Charles F. Reilly is a Business Development Specialist; focused on the San Francisco Bay Area.  Centered  on building new Project Revenue and enhancing Return on Investment.  California Real Estate License; Graduate Degree in Business.  20 years of Construction Project Management experience.  

Let's Make Your Building Work Harder!

A note from Chuck Reilly ...

Building Management systems  act like a central network system for commercial buildings.  Using  software, a network and a cloud-based approach, the system allows building owners and tenants their enviroment. Previously, these systems were expensive, but not anymore ...

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Profitable Commercial Buildings- Ways to Save Your Company Money !

Right now, nobody really knows the future of Commercial office properties ... Will the Pandemic permanently reduce the demand for space? Or, next year, will things return to normal?

Either way, Building Managers will have to pay much closer attention to fixed overhead. Yes, we all want to reduce energy costs. But what about labor costs? Equipment maintenance? And what about those "catastrophic" repairs that eat up 6 months' worth of budget? Commercial Facilities margins could be even tighter, going forward.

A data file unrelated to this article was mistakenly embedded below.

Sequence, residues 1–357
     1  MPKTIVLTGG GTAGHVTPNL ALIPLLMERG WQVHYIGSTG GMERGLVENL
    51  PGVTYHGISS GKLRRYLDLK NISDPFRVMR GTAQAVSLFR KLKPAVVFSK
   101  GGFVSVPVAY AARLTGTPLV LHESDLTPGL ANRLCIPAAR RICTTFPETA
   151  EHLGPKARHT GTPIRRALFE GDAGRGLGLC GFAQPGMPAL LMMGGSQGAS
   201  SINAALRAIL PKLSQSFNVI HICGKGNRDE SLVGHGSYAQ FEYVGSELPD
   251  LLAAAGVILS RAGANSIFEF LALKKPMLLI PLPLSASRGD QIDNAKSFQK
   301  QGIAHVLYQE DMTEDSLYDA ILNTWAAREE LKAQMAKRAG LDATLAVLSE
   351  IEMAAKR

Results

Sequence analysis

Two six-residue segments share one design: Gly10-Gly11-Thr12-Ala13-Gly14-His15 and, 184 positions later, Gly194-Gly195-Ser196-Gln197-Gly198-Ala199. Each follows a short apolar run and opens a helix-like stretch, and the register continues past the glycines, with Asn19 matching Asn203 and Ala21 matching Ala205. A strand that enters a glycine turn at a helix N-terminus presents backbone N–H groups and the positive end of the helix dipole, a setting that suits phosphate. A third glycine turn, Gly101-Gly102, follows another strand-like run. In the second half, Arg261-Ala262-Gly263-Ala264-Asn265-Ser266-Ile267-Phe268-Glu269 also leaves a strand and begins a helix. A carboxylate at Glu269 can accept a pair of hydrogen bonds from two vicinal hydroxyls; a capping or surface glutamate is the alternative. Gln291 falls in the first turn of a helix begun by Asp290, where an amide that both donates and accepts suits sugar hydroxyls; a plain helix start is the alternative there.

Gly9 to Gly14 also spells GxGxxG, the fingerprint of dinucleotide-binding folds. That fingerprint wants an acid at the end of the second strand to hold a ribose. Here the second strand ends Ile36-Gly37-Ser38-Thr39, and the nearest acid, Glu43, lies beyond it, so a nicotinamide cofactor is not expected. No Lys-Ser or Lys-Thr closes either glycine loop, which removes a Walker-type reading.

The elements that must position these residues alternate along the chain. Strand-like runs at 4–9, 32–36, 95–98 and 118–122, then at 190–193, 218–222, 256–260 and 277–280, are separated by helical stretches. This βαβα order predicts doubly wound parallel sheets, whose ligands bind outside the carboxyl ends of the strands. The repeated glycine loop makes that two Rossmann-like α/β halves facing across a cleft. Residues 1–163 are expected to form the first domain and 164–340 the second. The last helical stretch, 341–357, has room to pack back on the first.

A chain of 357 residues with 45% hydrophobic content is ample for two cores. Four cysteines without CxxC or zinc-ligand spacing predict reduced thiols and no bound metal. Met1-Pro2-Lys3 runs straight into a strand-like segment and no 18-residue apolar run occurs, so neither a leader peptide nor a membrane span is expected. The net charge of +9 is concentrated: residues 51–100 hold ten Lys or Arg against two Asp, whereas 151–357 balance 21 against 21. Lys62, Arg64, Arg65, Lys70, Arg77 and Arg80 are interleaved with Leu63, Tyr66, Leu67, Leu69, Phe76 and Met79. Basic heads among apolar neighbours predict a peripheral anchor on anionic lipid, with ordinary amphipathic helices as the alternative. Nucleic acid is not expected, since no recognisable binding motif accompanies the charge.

Modern buildings use centralized, digital management of a building’s HVAC, lighting, and security, through a connected “Building Management System”. (BMS). Your BAS should increase building energy efficiency and reduce maintenance costs.
A Building Management System electronically connects microprocessors and switches that monitor efficiency and performance. Additionally, smart controllers can be networked to the internet or serve as a stand-alone system for a local peer-to-peer or campus Facilities Department.

Clean, Fresh Air!

Here in Silicon Valley, we're all looking for clean, healthy buildings. Both Owners and employees want clean, fresh-smelling surroundings  Air in buildings is typically moved through the spaces using large electric fan units known as "air handlers". In most buildings, the air handlers draw a percentage of fresh air from the outside, mix it with ambient air from within the building, and then use the heating and air conditioning system or cool it, as well as dehumidify it or add humidity depending on the location and time of year.
The more pure, clean air that comes, the more bacterial infectious air goes out.